While the engine repairs were underway on February 28, a severe storm caused contamination of the mission's primary cargo, the first Tracking and Data Relay Satellite, TDRS-1, while it was in the Payload Change-out Room on the Rotating Service Structure at the launch pad. Consequently, the satellite had to be taken back to its checkout facility, where it was cleaned and rechecked. The Payload Change-out Room and the payload bay also had to be cleaned. All of these events pushed the launch back from March 26 to early April.
STS-6 carried a crew of four – Paul J. Weitz, commander; Karol J. Bobko, pilot; Donald H. Peterson and Story Musgrave, both mission specialists. Using new spacesuits designed specifically for the Space Shuttle program, Peterson and Musgrave successfully accomplished the program's first extravehicular activity (EVA) on April 7-8, 1983, performing various tests in the orbiter's payload bay. Their spacewalk lasted 4 hours and 17 minutes.
Although the 2,300-kilogram (5,000 lb) TDRS satellite was successfully deployed from Challenger, its two-stage booster rocket, the Inertial Upper Stage (IUS), tumbled out of control, placing the satellite into a low elliptical orbit. However, the satellite contained extra propellant beyond what was needed for its attitude control thrusters, and during the next several months, its thrusters were fired at carefully planned intervals, gradually moving TDRS-1 into its geosynchronous operating orbit, thus saving the $100-million satellite. Other STS-6 payloads included three GAS canisters and the continuation of the Mono-disperse Latex Reactor and Continuous Flow Electrophoresis experiments.
Challenger returned to Earth on April 9, 1983 at 10:53 am PST, landing on Runway 22 at Edwards AFB. During the mission, it completed 80 orbits, traveling 2 million miles in 5 days, 23 minutes and 42 seconds. It was flown back to KSC on April 16, 1983.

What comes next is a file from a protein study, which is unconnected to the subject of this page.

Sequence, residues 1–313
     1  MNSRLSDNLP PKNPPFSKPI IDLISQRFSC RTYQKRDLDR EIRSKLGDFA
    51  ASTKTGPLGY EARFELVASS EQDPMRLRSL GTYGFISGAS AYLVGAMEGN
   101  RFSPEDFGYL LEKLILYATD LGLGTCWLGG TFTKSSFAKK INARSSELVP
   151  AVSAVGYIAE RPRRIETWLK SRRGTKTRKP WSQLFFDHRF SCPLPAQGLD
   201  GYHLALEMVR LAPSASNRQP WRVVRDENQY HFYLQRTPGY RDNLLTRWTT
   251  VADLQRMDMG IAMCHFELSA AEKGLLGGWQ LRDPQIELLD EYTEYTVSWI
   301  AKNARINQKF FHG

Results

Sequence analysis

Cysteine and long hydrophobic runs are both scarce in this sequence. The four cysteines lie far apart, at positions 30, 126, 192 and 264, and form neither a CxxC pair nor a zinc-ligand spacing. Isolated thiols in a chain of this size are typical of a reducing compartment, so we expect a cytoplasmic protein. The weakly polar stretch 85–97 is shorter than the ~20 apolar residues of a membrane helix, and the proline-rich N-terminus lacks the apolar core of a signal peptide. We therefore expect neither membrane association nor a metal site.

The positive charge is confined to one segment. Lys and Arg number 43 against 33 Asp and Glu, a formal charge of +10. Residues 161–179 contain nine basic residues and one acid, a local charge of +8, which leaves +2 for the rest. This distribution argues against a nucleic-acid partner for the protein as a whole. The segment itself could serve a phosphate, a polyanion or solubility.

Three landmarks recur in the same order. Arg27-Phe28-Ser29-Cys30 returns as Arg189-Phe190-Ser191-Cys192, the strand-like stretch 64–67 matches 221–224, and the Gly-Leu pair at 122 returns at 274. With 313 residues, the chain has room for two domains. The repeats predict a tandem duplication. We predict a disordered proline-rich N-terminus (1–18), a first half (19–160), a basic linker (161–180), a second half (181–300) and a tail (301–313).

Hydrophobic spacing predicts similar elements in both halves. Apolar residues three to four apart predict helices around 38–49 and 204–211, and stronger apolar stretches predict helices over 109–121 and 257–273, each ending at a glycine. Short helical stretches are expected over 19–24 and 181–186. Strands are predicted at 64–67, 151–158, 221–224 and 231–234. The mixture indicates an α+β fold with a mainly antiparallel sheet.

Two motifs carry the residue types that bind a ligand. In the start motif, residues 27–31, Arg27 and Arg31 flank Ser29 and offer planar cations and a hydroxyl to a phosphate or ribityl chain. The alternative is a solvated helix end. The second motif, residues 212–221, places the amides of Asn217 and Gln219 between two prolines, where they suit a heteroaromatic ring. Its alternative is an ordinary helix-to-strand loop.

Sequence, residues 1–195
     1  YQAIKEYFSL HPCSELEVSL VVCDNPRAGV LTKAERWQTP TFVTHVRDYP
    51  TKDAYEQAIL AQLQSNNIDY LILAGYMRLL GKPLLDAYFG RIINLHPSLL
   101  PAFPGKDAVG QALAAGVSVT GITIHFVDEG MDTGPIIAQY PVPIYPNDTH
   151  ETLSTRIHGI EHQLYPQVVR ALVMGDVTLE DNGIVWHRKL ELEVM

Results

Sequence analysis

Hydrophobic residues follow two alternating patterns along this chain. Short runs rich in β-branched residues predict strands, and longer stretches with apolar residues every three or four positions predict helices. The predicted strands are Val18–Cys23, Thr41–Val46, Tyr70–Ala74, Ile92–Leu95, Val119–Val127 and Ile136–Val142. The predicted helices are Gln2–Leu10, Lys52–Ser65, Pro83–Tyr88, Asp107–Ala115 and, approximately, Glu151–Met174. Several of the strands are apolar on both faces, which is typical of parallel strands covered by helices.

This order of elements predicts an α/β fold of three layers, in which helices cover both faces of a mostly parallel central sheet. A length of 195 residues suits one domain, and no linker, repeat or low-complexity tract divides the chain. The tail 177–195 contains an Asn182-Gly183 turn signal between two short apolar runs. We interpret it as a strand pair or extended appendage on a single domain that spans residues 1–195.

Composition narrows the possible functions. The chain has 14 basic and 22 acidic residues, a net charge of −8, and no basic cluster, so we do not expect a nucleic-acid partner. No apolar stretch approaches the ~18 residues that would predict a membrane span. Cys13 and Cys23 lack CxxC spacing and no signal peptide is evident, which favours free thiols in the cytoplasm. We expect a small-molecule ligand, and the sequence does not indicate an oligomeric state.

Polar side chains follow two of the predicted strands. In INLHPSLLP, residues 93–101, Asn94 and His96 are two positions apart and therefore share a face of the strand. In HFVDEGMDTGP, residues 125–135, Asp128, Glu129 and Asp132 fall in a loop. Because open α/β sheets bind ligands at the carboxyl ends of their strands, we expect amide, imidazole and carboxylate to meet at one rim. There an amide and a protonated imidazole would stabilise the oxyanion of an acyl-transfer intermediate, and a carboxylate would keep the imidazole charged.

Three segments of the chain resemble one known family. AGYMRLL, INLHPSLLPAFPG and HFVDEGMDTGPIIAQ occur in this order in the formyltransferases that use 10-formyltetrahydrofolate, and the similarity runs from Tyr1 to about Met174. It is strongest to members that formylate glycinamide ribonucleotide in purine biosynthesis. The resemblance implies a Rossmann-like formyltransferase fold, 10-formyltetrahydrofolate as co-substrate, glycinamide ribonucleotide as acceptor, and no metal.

The six white stars in the upper blue field of the mission patch indicate the flight's numerical designation in the Space Transportation System's mission sequence.
NASA began a tradition of playing music to astronauts during the Gemini program, and first used music to wake up a flight crew during Apollo 15. Each track is specially chosen, often by the astronauts' families, and usually has a special meaning to an individual member of the crew, or is applicable to their daily activities.
|Day 2||"Cadets on Parade"||Air Force Academy Band|
|Day 3||"Teach Me Tiger"||April Stevens|
|Day 4||"Theme from F Troop"||William Lava|
|Day 5||"The Poor Co-pilot"||Oscar Brand|
|Day 6||"Ode to the Lions"||Rusty Gordon|
- List of space shuttle missions
- List of spacewalks and moonwalks
- List of human spaceflights chronologically
- McDowell, Jonathan. "SATCAT". Jonathan's Space Pages. Retrieved March 20, 2014.
- "STS-6". Spacefacts. Retrieved February 26, 2014.
- Evans, Ben (2007). Space Shuttle Challenger: Ten Journeys Into the Unknown. Praxis Publishing. p. 26. ISBN 0-387-46355-0.
- Fries, Colin (June 25, 2007). "Chronology of Wakeup Calls" (PDF). NASA. Retrieved August 13, 2007.